The experts consulted by Colin Macilwain1 provided useful evidence that bioprospecting for natural products is not the most productive way of finding biologically active compounds, but they did not explain why this should be so.
We would suggest that the high expectations for bioprospecting were partly based on the erroneous belief that a very high proportion of natural products must have some biological activity. However, the Screening Hypothesis2, which we proposed to explain natural product chemical diversity, argues that specific, potent biological activity is a rare property for a chemical to possess, irrespective of whether a human, microbe or plant has done the synthesis. This is primarily because potent activity requires a very high degree of ‘fit’ between the chemical and a target receptor.
The hypothesis proposes that, in organisms that make natural products, there will have been a selection of biochemical traits in natural product biosynthetic pathways which enhance the generation and retention of chemical diversity. Because potent, specific biological activity is an extremely rare property for any molecule to possess, much of this natural product diversity will possess no inherent biological activity. This model proposes that organisms making natural products have been conducting combinatorial biochemistry and have been screening for activity for hundreds of millions of years3 before humans adopted a similar strategy. However, most organisms will be screening for biological activity with no particular relevance to human physiology.
So it is predictable that an efficient method of generating chemical diversity (combinatorial chemistry) coupled to high-throughput screening based on a cell process of known importance to human physiology will be more efficient than bioprospecting when searching for drugs. Many compounds can be screened rapidly even though most will be inactive.
The opportunities that do exist for bioprospecting possibly lie more with the discovery of genes coding for enzymes involved in natural product biosynthesis, many of which might be expected to have a broad substrate tolerance. The addition of such genes to organisms with an existing rich natural product diversity should generate even more chemical diversity, producing chemical structures that currently lie beyond the scope of combinatorial chemistry. This opportunity to build on the existing combinatorial biochemistry of organisms will only be realized if the genetic diversity underlying the synthesis of natural products is explored and understood. So the bioprospecting for chemicals might have been relatively unsuccessful but bioprospecting for genes to use in combinatorial biochemistry might be more successful.
— An approach to improving the efficiency of identifying pharmaceutical lead compounds from natural products is to analyse and use ethnomedical information to guide the selection of plants. One example is traditional Chinese medicine. The strengths of the approach lie in the fact that Chinese medicine has a long history, was built on a theoretical (rather than purely empirical) basis, and its wealth of clinical experience has been recorded in literature.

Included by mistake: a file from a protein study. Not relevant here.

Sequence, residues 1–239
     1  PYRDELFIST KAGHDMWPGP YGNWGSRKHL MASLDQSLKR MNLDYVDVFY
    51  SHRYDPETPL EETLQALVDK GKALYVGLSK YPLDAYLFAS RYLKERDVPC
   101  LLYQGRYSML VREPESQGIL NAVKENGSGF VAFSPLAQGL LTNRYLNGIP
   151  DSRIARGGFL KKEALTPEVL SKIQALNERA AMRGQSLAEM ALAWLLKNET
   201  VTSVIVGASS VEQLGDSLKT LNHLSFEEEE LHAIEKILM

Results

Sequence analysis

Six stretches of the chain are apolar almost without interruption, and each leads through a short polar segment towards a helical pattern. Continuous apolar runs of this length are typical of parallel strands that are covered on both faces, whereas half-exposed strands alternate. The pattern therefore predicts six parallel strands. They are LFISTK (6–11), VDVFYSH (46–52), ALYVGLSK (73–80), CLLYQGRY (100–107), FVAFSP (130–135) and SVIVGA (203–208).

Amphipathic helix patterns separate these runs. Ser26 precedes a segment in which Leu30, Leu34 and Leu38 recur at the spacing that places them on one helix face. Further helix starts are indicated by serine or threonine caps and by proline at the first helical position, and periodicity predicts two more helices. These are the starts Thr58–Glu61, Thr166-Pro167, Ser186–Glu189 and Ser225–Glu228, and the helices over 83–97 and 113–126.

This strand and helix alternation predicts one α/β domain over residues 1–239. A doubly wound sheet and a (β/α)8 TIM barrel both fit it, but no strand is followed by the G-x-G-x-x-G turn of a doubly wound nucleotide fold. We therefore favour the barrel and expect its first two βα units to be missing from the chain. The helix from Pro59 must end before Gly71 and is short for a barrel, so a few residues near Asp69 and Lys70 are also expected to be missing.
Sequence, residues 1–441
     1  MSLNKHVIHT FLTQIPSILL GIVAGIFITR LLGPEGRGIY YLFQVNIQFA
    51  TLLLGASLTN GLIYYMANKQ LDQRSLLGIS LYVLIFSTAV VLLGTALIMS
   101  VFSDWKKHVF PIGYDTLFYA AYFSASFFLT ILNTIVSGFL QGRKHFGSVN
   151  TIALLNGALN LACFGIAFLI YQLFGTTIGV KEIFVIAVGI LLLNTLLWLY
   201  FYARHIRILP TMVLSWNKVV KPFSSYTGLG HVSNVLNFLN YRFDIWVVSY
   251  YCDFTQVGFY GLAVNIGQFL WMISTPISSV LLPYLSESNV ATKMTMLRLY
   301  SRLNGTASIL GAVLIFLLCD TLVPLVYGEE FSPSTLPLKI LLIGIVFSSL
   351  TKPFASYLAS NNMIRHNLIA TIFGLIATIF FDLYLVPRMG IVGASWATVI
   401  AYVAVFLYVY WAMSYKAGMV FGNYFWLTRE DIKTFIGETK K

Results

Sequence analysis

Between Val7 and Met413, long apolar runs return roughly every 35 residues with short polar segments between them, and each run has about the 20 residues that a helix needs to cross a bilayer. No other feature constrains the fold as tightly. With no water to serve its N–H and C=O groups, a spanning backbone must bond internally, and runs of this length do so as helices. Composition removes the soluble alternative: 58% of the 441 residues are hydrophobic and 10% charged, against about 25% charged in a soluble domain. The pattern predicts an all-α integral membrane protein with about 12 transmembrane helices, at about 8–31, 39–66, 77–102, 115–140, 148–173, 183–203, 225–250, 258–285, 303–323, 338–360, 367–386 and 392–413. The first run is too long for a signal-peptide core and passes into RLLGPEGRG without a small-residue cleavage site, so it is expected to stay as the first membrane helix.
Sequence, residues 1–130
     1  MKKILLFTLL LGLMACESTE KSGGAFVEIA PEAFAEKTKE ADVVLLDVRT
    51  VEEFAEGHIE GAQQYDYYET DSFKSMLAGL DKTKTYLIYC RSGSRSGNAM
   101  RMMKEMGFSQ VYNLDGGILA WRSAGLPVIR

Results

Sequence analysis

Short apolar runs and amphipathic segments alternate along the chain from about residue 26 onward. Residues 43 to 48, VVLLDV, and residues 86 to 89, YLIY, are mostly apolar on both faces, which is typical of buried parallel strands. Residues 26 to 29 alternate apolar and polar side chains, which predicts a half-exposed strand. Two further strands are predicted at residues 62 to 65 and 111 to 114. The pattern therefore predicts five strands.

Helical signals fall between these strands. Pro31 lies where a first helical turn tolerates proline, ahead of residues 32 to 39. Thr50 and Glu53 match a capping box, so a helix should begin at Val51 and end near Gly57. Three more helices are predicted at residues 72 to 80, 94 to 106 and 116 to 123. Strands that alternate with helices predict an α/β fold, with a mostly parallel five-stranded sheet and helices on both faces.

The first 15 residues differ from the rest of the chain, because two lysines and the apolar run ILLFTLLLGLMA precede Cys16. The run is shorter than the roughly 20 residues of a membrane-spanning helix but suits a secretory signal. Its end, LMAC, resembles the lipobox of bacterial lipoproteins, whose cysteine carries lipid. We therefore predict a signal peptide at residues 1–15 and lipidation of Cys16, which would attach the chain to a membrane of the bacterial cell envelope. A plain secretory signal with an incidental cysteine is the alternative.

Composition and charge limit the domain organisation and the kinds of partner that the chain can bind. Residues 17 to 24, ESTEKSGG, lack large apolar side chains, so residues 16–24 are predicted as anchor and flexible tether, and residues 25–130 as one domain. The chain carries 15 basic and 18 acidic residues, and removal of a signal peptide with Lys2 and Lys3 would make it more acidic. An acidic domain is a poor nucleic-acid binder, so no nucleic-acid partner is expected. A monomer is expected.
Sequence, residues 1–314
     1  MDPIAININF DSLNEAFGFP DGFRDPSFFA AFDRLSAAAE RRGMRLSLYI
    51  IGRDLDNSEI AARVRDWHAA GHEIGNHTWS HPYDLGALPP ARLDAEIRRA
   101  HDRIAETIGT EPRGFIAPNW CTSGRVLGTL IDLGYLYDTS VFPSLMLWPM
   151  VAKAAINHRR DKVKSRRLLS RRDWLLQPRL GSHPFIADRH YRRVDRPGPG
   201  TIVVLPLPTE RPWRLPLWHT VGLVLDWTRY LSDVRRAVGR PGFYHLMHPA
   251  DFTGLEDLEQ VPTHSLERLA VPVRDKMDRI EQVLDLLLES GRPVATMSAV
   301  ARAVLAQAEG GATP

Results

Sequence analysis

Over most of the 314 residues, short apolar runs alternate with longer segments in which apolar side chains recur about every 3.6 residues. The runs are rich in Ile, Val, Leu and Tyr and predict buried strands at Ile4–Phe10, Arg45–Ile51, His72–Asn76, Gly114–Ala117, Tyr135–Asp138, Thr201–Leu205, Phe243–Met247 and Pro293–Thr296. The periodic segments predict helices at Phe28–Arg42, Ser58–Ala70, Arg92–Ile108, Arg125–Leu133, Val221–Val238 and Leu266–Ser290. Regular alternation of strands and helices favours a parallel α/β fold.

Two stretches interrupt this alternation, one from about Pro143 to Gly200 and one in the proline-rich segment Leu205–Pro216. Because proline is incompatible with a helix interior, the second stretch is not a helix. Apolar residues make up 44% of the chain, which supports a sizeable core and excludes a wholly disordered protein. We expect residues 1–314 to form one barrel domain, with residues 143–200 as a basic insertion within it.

In the United States, three new drugs of Chinese-herb origin have recently been developed. They include a derivative of the antimalarial drug qinghaosu, the Alzheimer's drug huperzine A4, and the anti-HIV therapeutic trichosanthin5. These drugs may not finally make their way to the US market. But their novel prototype structures and new mechanisms of action have provided scientists with unique inspiration in the search for therapeutic agents.
Despite the vast gap between Chinese and Western medicines, decades of research has revealed that there is a degree of correlation between traditional indications of herbs and their pharmacological effects as defined by Western biomedicine. For instance, many herbs for ‘eliminating heat and toxins’ in the terms of traditional Chinese medicine possess antibacterial, antiviral, antipyretic and anti-inflammatory actions. A major mode of pharmacological actions of ‘tonics’ is to stimulate non-specific and specific immune functions; and herbs for ‘activating blood circulation and removing stasis’ can improve blood flow dynamics, exert anti-thrombosis effect, and improve microcirculation.
The knowledge of such a relationship, which has been documented comprehensively6, should prove useful in a natural product drug discovery programme. If a project is set up to identify anti-thrombosis agents, for instance, then herbs used for ‘activating blood circulation and removing stasis’ ought to be examined.
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Chen, C. (ed.) The methodology for investigation on pharmacology of Chinese herbal medicine (People's Health Publisher, Beijing, 1993).
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